In 2002, the CRTC set the telephone rates, for the next 4 years, for almost all of Canada’s telephone companies for customers taking local service from those companies. Rates were set by a formula known as a price cap. Each year, you had to start with the old rates and decide how much they are going to change because of basically two factors- inflation and productivity. You take a percentage rate increase for inflation calculated by Statistics Canada then deduct a percentage rate productivity decrease (which is to ensure that the telephone company is efficient – namely that it finds new ways to be more profitable each year). For example, if inflation was 3% and the productivity factor was 1%, rates would go up by 2%
In 2002, the CRTC ruled that Bell Canada, TELUS, Aliant, MTS and SaskTel would be subject to a rate cap that would annually change their local telephone rates by the rate of inflation less 3.5%. The 3.5% figure was considered to be a productivity objective, meaning that the CRTC expected that each telephone company could arrange their operations to be 3.5% more profitable each of the next four years. The CRTC decided on the 3.5% based upon the testimony of all the experts that had testified at the hearing held late in 2001. In fact, each of the telephone companies had been able to exceed a 4.50 % productivity factor in the rate cap in effect in the period from 1998 to 2002. This meant that if inflation remained below 3.5% then local phone rates would go down for residential customers.
In 2002, the CRTC, however, decided that rates for local telephone service would not go down even if the productivity reduction was greater than the inflation addition to rates. The reason was that it was thought the rates would be too low to encourage new companies from offering local service to compete with the existing telephone companies. If residential telephone customers had too low rates, it might ruin the business plan of the new entrant competitors. Any amount that rates would have gone down by the CRTC’s own calculation formula was put in special accounts kept by the telephone companies. The Commission would decide later what to do with the money.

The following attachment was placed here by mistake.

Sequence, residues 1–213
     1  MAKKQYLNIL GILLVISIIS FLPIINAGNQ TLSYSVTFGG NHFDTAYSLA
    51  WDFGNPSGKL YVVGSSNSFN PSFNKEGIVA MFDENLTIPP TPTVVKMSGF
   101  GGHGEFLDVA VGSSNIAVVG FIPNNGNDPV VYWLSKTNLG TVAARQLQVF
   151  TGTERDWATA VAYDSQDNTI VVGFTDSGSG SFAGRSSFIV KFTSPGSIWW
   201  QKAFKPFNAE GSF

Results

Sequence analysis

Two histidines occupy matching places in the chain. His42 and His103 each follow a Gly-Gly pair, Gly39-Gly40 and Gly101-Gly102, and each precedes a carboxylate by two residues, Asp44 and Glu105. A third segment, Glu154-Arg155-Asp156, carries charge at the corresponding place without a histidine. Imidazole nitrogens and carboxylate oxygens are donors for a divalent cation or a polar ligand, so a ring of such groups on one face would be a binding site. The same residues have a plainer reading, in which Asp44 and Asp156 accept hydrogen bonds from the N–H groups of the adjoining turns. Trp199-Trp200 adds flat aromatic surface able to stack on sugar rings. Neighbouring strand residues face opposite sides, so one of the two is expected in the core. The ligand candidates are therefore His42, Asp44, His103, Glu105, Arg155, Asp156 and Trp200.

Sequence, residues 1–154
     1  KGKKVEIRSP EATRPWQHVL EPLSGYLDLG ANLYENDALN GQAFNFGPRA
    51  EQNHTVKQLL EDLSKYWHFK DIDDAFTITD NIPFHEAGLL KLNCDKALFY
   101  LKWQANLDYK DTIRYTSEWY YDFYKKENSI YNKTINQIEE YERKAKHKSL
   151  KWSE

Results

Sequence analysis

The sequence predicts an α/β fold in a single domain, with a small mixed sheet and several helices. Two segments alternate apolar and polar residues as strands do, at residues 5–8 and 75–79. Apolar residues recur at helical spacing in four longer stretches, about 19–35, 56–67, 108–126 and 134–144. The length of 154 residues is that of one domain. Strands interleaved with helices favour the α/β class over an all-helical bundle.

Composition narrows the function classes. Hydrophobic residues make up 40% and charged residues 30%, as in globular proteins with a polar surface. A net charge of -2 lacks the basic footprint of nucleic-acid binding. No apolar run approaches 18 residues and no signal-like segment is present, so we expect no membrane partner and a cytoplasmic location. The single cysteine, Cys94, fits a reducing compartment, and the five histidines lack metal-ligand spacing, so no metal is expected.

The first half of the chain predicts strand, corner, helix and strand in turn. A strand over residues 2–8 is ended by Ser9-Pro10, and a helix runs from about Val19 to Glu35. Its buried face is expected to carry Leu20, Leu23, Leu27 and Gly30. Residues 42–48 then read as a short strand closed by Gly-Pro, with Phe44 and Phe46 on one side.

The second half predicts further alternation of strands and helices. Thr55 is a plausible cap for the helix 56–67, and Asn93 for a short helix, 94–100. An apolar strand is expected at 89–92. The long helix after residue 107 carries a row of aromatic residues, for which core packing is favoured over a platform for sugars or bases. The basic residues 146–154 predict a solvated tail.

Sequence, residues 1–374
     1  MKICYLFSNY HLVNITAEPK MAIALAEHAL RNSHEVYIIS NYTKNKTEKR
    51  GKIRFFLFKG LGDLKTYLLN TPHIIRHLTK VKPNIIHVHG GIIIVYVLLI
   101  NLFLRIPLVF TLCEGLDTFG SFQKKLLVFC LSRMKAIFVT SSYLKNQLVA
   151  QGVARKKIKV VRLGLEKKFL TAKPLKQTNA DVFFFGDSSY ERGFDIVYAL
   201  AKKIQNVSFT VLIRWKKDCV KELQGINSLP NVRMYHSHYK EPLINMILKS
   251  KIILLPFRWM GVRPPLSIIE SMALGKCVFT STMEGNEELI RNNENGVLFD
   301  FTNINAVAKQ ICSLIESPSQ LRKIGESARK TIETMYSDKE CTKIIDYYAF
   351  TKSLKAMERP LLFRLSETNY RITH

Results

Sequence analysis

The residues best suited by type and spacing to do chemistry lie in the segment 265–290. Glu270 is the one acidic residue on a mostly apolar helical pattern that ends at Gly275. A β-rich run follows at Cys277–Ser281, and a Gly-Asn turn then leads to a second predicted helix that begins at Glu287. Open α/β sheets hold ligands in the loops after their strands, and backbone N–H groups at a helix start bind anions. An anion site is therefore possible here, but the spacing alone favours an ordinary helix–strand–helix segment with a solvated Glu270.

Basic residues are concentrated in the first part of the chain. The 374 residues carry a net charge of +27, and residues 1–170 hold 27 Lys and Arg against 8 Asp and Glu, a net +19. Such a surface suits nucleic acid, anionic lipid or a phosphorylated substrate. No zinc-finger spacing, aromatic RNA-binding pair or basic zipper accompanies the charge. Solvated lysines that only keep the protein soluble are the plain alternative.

By 2006, some 1.6 billion dollars in missed rate reductions had been put in these special “deferral” accounts. The CRTC had let the telephone spend more than half the money collected on various projects the largest being discounts to telephone company competitors like Sprint, Primus etc. for access to the telephone company networks. The Commission then decided to hold a contest on how to spend the remaining 650 million dollars. The contest winners were (surprise!) the telephone companies themselves who got to spend 95% of the money on paying themselves to install broadband where it was uneconomic to do so (5% was to help them provide disabled access). The CRTC rejected giving back the money to the customers who had paid it so that competing telephone companies could look more attractive because their rates were lower. Honestly, they did that.
The Public Interest Advocacy Centre represented consumer groups in the CRTC proceedings, where all these decisions were made. After the CRTC made the final decision to subsidize the telephone companies broadband operations with the lost rate reductions, we appealed the decision to the Federal Court of Appeal on behalf of the National Anti-Poverty Organization (NAPO) and the Consumers Association of Canada (CAC). We were granted leave to appeal the 2006 CRTC decision that is expected to be heard in January of 2008. We want this money (now approximately $50 per customer) to go back to the local telephone customers who paid too much because the CRTC thought this would help competition (which, when you come to think of it is supposed to lower rates, not raise them). We also don’t think residential telephone customers should be exclusively taxed to pay for special projects in this fashion no matter how high-minded the project.
These appeals cost a lot of money. PIAC has already spent over $30,000 on the preliminary court work with more to come. What is worse is that the CRTC doesn’t have to pay costs even if it was wrong. We are fighting legal counsel hired from Canada’s top firms at top dollar. We need your help.